Why Is a Financial Crisis Important? The Significance of the Relaxation of the Assumption of Perfect Competition
AbstractUnder the usual assumption of perfect competition, we have money being neutral and changes in nominal aggregate demand cannot affect the real economic variables. If so, a financial crisis cannot be very important. However, the real world is characterized more by non-perfect competition when changes in nominal demand can affect real variables. This paper shows the important differences and explains the crux of these differences from both the demand and cost sides. It also provides a simplified general-equilibrium analysis of the economy and shows that, by concentrating on a representative firm and on how this firm is affected by macro variables and simplified interaction with other firms, macro analysis of the economy without assuming perfect competition is manageable with more realistic and richer results.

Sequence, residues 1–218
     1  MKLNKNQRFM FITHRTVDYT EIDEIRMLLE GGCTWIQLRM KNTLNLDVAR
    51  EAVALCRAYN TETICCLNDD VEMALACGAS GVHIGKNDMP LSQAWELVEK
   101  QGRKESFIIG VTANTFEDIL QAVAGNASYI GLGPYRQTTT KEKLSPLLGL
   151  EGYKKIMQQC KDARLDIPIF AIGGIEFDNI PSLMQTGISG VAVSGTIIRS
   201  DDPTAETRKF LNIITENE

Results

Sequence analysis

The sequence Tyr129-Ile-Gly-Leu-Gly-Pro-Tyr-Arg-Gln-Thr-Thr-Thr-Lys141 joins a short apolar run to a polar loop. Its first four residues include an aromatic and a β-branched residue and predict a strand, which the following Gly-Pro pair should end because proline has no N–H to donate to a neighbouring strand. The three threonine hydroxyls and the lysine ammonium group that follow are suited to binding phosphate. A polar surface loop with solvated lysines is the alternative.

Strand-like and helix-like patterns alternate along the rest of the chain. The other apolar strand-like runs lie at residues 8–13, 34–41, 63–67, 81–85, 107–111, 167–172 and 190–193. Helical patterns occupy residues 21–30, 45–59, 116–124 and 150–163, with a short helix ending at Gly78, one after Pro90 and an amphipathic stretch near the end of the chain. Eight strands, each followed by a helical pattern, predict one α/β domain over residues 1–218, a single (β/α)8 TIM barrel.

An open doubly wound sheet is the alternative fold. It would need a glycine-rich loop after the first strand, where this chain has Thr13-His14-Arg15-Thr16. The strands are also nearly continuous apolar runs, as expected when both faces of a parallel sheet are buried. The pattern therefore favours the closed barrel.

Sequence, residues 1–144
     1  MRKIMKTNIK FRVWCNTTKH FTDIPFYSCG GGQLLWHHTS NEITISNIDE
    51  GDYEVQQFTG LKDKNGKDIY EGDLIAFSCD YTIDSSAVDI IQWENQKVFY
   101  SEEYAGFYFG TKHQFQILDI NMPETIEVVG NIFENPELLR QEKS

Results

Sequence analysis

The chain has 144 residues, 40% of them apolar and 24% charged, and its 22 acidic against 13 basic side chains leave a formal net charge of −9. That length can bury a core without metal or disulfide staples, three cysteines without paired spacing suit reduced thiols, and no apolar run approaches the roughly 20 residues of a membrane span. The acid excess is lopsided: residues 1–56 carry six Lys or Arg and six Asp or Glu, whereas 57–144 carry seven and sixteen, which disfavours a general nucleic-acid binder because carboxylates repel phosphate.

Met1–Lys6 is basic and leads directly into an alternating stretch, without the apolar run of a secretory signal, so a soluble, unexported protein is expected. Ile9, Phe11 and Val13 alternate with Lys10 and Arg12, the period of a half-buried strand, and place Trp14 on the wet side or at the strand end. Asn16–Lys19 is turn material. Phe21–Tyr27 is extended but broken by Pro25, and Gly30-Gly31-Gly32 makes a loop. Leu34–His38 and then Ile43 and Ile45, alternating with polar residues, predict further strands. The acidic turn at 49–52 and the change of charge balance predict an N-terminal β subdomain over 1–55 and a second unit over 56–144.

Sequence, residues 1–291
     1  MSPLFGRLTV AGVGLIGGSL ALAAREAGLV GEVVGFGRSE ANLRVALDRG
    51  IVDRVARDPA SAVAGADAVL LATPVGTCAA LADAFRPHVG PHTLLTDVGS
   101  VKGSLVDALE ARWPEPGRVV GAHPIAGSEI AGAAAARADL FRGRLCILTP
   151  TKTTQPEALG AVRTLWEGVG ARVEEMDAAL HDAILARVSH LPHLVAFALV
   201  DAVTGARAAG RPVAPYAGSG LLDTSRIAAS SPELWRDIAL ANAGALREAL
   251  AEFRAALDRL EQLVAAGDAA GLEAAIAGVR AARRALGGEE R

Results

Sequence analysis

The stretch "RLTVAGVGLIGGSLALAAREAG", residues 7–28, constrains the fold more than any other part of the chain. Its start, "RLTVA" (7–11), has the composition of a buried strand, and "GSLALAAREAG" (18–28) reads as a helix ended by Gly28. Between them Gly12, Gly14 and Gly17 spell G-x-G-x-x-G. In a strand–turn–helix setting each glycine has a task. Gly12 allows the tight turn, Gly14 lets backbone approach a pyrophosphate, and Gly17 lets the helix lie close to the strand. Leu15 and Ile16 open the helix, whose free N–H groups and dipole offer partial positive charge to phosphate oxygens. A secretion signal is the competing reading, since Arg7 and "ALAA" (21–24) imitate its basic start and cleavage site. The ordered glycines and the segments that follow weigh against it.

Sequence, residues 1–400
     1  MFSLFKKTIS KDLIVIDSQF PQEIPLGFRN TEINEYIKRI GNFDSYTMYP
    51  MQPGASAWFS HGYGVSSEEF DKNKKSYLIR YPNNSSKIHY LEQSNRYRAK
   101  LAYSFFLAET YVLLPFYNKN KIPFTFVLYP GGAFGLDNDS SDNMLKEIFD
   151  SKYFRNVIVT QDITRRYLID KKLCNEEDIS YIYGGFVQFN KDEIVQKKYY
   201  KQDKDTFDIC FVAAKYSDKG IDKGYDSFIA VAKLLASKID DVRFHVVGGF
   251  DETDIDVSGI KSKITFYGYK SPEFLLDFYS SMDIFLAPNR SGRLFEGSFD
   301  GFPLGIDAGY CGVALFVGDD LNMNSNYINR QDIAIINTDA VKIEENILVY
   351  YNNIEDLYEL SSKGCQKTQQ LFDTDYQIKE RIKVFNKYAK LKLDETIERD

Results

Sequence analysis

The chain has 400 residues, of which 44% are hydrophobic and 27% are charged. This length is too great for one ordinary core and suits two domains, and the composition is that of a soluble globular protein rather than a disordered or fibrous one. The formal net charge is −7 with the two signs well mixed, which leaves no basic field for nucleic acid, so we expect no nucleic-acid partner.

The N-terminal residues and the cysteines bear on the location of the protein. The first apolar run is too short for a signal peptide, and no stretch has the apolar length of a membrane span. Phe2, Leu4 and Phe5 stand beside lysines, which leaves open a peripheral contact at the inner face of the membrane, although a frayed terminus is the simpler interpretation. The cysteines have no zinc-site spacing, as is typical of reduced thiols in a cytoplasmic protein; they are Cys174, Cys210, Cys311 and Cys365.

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Bibliographic InfoArticle provided by College of Business, and College of Finance, Feng Chia University, Taichung, Taiwan in its journal International Journal of Business and Economics.
Volume (Year): 8 (2009)
Issue (Month): 2 (August)
competition; financial crisis; market power; money neutrality; recession;
Find related papers by JEL classification:
- E10 - Macroeconomics and Monetary Economics - - General Aggregative Models - - - General
- E30 - Macroeconomics and Monetary Economics - - Prices, Business Fluctuations, and Cycles - - - General (includes Measurement and Data)
- D40 - Microeconomics - - Market Structure and Pricing - - - General
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